Next Steps:  Service providers in the small market can consider providing educational information on these credits to new and existing clients, including how their products take full advantage of these credits.

5.   Nondiscrimination, Coverage and Minimum Participation Relief (Div. O, Section 205) (Optional)

Current Rule:  In December 2013, the IRS issued limited, temporary relief for closed plans to satisfy the nondiscrimination rules.  This relief has been reissued each year since then and current extends through 2020.

New Rule: The SECURE Act provides expanded relief – discussed in more detail in here – for certain closed and frozen defined benefit plans and includes Code sections 401(a)(4), 410(b), and 401(a)(26) relief if specific requirements are met.

Next Steps:  It is important to incorporate this new relief into the plan’s testing processes and procedures, and consider the impact on pending corrections, and any future plan design changes.

6.   Expanded Disaster Relief (Div. Q, Sections 202-205) (Optional)

Current Rule:  There is statutory relief for certain listed hurricanes and other nationally declared disasters, along with a new hardship distribution provision.

New Rule:  For nationally declared disasters from January 1, 2018 through 60-days following enactment (e.g., Feb. 18, 2020, other than California wildfires that already have relief), impacted participants can take up to a $100,000 distribution or a loan (with no 10% early withdrawal tax), which can be recontributed within three years.  There is also, among other relief, the following: (1) an extended plan loan payoff for an additional year, (2) participants can repay hardship withdrawals for home purchases in the disaster area, and (3) a three year spread of taxation of a qualified disaster distribution.

Effective Date:  On enactment.  Participants generally have 180 days from enactment to take advantage of the relief (June 17, 2020).   Special plan amendments must be adopted by the end of the 2020 plan year (2022 for governmental plans), unless otherwise extended.

Next Steps:  Review the process steps taken for previous hurricanes (e.g., Maria, Harvey, Irma) and adapt them for this new relief, including special employer election forms, distribution packages, rollover processes, loan processes, 1099-R reporting, SPDs, and plan amendments.

7.   New in-service withdrawal right for Child Birth and Adoption Expenses (Div. O, Section 113) (Optional)

Current Rule:  There is no special tax relief for plan distributions for child birth or adoption expenses incurred within a year following birth or legal adoption.

New Rule:  For defined contribution plans (and IRAs), withdrawals of up to $5,000 for eligible child care and adoption expenses are permissible and not subject to the 10% early withdrawal tax.  These amounts may also be recontributed back to a plan (or IRA).  Notably, similar to hardship withdrawals, they are treated as not eligible for rollover, and not subject to mandatory 20% withholding (rather 10% withholding applies, unless electing out).

Effective Date:  Distributions after December 31, 2019.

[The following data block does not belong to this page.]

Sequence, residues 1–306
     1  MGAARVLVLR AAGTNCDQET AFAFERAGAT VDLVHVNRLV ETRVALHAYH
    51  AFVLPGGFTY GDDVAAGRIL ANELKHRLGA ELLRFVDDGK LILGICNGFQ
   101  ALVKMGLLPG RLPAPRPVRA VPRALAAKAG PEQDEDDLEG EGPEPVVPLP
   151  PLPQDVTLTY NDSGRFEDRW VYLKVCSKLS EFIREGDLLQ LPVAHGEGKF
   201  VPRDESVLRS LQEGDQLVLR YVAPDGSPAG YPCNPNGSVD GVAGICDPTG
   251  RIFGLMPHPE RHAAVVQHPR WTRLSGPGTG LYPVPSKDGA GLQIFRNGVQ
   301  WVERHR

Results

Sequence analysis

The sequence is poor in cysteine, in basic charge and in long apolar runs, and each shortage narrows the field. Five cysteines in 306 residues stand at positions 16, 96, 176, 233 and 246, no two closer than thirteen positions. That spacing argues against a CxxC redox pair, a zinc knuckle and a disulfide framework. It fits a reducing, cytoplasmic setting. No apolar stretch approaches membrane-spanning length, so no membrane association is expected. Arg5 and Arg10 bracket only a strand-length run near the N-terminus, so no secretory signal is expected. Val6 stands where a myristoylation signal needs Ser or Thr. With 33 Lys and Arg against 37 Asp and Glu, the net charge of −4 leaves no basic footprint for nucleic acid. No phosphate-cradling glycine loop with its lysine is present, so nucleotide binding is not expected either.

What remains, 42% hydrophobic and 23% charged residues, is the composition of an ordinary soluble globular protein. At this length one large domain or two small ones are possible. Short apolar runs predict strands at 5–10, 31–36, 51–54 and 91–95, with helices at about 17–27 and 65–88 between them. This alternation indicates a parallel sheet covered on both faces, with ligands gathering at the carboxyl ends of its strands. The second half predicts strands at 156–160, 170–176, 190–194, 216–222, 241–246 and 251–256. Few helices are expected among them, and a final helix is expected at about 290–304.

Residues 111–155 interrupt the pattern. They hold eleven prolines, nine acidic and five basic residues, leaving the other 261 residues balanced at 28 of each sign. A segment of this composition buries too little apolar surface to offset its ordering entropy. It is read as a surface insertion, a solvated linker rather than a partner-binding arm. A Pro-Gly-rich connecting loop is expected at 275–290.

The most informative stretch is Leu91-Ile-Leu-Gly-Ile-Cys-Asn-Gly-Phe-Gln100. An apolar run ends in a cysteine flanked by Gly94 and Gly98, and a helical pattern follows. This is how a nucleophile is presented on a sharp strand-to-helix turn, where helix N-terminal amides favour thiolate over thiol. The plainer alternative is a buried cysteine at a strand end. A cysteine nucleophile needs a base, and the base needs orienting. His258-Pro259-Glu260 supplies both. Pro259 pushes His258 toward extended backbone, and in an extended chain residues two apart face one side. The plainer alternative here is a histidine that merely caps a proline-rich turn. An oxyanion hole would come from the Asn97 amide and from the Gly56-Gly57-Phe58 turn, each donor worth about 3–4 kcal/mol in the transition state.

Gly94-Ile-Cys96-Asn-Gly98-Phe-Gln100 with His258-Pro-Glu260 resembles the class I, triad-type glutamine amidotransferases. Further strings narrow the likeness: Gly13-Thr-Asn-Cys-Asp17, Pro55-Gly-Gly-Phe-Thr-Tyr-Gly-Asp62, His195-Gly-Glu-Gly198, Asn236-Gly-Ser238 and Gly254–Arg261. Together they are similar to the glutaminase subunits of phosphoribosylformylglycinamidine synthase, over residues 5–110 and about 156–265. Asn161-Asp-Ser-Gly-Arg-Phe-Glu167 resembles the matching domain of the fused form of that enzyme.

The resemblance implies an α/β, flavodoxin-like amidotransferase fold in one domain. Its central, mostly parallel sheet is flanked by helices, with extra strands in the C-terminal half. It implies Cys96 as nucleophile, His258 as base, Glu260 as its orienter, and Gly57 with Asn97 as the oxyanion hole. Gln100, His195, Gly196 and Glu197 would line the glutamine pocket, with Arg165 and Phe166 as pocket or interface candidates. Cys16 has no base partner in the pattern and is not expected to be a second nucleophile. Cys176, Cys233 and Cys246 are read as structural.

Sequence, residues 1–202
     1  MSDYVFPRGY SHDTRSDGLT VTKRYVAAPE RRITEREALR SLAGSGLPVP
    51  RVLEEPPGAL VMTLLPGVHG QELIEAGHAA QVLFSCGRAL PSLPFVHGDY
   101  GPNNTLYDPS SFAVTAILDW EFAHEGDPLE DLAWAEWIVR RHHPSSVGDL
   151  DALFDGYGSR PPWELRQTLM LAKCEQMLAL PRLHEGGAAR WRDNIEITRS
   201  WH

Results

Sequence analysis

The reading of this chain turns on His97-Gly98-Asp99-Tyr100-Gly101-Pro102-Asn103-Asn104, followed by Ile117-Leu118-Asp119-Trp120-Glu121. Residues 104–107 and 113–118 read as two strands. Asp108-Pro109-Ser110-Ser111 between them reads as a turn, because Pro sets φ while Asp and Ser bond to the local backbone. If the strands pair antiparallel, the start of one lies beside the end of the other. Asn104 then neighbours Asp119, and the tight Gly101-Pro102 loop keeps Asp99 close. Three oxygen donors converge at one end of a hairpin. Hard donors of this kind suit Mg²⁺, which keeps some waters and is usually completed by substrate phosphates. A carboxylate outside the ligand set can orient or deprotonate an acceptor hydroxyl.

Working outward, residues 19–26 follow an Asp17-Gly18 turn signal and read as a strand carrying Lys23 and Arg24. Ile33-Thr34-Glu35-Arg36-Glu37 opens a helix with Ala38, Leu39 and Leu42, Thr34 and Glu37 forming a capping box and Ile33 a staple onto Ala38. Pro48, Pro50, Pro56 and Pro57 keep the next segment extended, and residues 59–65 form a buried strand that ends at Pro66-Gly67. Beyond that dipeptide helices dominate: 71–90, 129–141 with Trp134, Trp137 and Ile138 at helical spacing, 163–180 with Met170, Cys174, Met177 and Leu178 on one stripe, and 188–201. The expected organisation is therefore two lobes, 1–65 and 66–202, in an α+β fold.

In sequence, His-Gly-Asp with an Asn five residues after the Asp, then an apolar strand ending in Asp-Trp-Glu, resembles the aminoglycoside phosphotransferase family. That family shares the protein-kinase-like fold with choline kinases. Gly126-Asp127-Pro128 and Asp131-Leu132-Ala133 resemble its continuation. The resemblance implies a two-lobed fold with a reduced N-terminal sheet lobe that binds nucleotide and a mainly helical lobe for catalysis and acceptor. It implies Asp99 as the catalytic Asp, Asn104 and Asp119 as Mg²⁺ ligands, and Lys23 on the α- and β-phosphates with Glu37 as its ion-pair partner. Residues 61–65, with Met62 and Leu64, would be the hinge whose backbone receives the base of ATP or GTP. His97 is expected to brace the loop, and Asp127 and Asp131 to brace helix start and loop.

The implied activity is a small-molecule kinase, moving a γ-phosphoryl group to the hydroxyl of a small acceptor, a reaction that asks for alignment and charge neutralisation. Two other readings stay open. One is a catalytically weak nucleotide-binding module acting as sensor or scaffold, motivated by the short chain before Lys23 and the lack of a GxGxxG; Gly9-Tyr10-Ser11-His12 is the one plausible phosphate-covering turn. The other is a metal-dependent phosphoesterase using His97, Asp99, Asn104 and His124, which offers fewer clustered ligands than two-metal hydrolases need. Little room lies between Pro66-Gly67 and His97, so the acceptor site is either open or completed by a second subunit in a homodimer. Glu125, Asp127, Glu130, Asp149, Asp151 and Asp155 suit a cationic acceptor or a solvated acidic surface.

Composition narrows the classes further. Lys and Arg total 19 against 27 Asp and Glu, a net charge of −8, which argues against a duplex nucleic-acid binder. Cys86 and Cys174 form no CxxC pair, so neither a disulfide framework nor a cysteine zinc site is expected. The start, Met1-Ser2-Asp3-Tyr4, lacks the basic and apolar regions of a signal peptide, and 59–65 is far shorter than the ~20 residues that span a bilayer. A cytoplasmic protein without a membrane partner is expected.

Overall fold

Next Steps:  This change has a number of implications, including potential impacts on existing plan distributions, distribution forms, plan documents, SPDs, participant communications, Form 1099-R reporting and withholding processes, 402(f) notices, and rollover processes.

8.   In-service withdrawal right from pension, 457(b) plans (Div. M, Section 104) (Optional)

Current Rule:  Pension plans may permit in-service distributions at age 62, and governmental 457(b) plans may permit in-service distributions at age 70-1/2.

New Rule:  Pension plans and 457(b) plans may permit in-service distributions at age 59-1/2.

Effective Date:  Plan years beginning after December 31, 2019.

Next Steps:  Offering this change to plan sponsors will require changes to distribution policies and procedures, and related distribution forms, plan document, SPD, etc.

9.   Part-time Participation for 401(k) Plans (Div. O, Section 112) (Mandatory)

Current Rule:  Part-time employees can be excluded from a plan provided that they do not reach 1,000 hours in any 12-month eligibility computation period.

New Rule:  Long-term part-time employees must be eligible to participate in a 401(k) plan once they have (i) reached age 21, and (ii) have worked at least 500 hours in three consecutive 12-month periods (beginning in 2021).  For vesting service, a year of service is a 12-month period during which the part-time employee earned at least 500 hours of service.  There is nondiscrimination and top-heavy plan relief, and notably no requirement to provide any match or profit sharing contribution to these workers.

Effective Date:  Plan years beginning after December 31, 2020.

Next Steps:  This requirement will require service providers to administer special eligibility and vesting provisions for part-time workers, which will add complications particularly for elapsed time plans and for transfers between part-time and full-time workers.

10.  Form 5500 Changes and Increased Penalties (Div. O, Section 403) (Optional, except penalties mandatory)  [2]

A.   Form 5500 Civil Penalty Changes

Current Rule:  ERISA requires pension plans to file an annual Form 5500 with the federal government each year.  The Code imposes its own requirement to file an annual return on qualified pension and deferred compensation plans.   ERISA-covered retirement plans satisfy both ERISA and the Code by filing the Form 5500 each year with the DOL.  Plan administrators who fail to file the required report when due can be subject to significant monetary civil penalties under both ERISA and the Code.  Currently, civil penalties under ERISA can amount to as much as $2,200 per day in connection failing to file an annual Form 5500 when due.   Under the Code, separate penalties in connection with filing failures can amount to $25 per day, up to a maximum of $15,000.